All-in-all, a lovely experience though! I have one suggestion for new players: Play through 10, maybe 15 lives, learn the mechanics and how to properly defeat each monster, then clear your save data via the game menu and start from scratch. It will save you the heart-ache of deleting a fairly worthless level 50 or 60 character, as I'm about to do I can't say it's not totally worth it!!
Thanks for a great game, Cellar Door. Here's wishing you long existence. You built a world that brought me back to my younger years. I haven't felt such nostalgia since I last played Final Fantasy 4! I never expected I'd find such a diamond in the rough, but here it is! I'm very excited to see what your hard work brings next!… Expand
Average User Score: 5.9Sep 17, 2013I come bearing sad news, gentlemen.. I've now played through the entire Machine for Pigs story, and I have found only sorrow. While FrictionalI come bearing sad news, gentlemen.. I've now played through the entire Machine for Pigs story, and I have found only sorrow. While Frictional Games has been doling out games full of delight for some time (Penumbra Series & The Dark Descent were amazing!), they have finally released a dud. I can't tell you all how sad and wrong I feel saying this, but it's true. I'll try to explain my reasoning as clearly as possible.
Down to Bidness: Why is this game getting bad reviews? What should veteran players know before buying?
1. Painfully linear. The Dark Descent had a great map. You'd travel through great halls, small caverns, and terrifying corridors, all in search of the secrets behind the castle and its.. residents. While it was linear, it didn't 'feel' linear. Well, A Machine for Pigs really tried to stick with this equation. However, I ended up feeling like every room with a puzzle was simply built at random, with no reason for the randomness other than keeping you there a little longer. It almost felt like the rooms were built to extend game time, and confuse! I asked myself about 1/3 into the game... "Where's the elevator or stairwell in this place? This isn't efficient at all!" I couldn't 'place' myself there, because it was such an unrealistic build.
2. Very little narration, creating a disconnect between player and storyline. I really tried to get into the story, because Dark Descent was simply captivating. Well, don't expect awesomeness in this one. The scariest parts were at the beginning, and they're few and far between afterwards. They tried to keep the story deep, but in the end, they must have decided to focus on other game elements.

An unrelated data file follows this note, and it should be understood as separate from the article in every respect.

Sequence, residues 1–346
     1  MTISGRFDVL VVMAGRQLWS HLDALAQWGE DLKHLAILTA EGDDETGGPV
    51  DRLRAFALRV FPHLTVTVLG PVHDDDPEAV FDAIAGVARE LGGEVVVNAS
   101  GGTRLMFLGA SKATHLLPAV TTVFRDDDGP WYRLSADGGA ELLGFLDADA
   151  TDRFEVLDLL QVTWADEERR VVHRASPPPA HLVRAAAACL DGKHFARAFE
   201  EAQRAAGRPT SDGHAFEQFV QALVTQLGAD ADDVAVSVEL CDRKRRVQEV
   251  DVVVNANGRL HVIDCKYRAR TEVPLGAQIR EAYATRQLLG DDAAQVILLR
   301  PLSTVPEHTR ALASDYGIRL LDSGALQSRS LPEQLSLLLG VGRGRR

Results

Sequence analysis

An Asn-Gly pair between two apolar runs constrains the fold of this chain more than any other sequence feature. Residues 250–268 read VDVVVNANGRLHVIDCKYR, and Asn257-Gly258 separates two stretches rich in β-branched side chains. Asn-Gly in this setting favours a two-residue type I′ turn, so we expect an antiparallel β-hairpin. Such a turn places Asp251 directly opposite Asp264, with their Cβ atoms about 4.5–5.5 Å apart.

3. "6 Hours Played" on Steam. That means it took a maximum of 6 hours & 59 minutes to beat the game. I picked A Machine for Pigs up the day it arrived, because I loved all of Frictional Games' past titles. I played it for a night, put it down about half way through the game, and asked myself, "Why bother?" Well, I had faith in Frictional, so I decided I owed it to them to play through it entirely. Upon finishing it the next day, I felt really frustrated that I had wasted my money, uninstalled the game, and tried to wipe it from my mind as well. It had no depth. You simply walked through spoooooky rooms in order to complete easy puzzles to complete this lazily-described mission which you were not invested in... It broke my leetle heart.
4. My greatest disappointment: No more tinderboxes, and your lantern has unlimited oil... Can you believe that? These items were the one thing that made searching through drawers and side rooms interesting. There's no longer a point in going off exploring, because you won't find anything of value.
5. It's just not as scary. Frictional Games seemed to focus this game more on shock horror than the fear of the unknown. A Machine for Pigs felt like a one-trick pony.
6. Physics were 'dumbed down' from Dark Descent. Did you enjoy throwing such items as bottles, plates, and statuettes in the first Amnesia as much as I did? Well, prepare for disappointment. Throughout the game, you can pick up very few random items past chairs. Why?
7. No more inventory system. You can no longer pick up and hold onto items in your backpack that may be helpful later in the game. You pick items up with your cursor, walk them through a room, and that's it. No more health/sanity meter either. Nothing.
8. No sanity meter no character freak-outs. I don't know if this was a glitch on my system, because I want to believe it was... But the main character rarely freaks out. You have no real need for the lantern, or lighting up rooms. You won't start to hear cracking eggshells, nor will the screen get blurry, with heavy breathing coming through your character's lips. This was such a valuable element from Dark Descent.
9. Everything is really dark. It just doesn't look as pretty as the first Amnesia, since you must use your lantern to see any colors past this blue/green/black filter they've added. You can change the gamma, but you'll never stop squinting to see what's in front of you. You won't care to by the end, because there's little to see in any case.
Conclusions: It felt like a console game ported to PC! It felt dumbed down. It's strange, but it felt like I was playing Bioshock with how it was set up. It played like a clunky Bioshock, minus guns. This game is a far cry from its predecessors. It seems thrown together, and created simply to make money, while the 'Amnesia' stamp promised us all greatness.I'm beyond disappointed, since I trusted Frictional Games with $20. I will certainly buy their next game whenever it releases, because Frictional Games still deserves it in my book! However, not until I see positive reviews. I hate to be harsh, but A Machine for Pigs was a waste of my hard-earned money, which is becoming increasingly difficult to come by nowadays.
I yearn to see the positives of this game, but truly, it's a step backwards.… Expand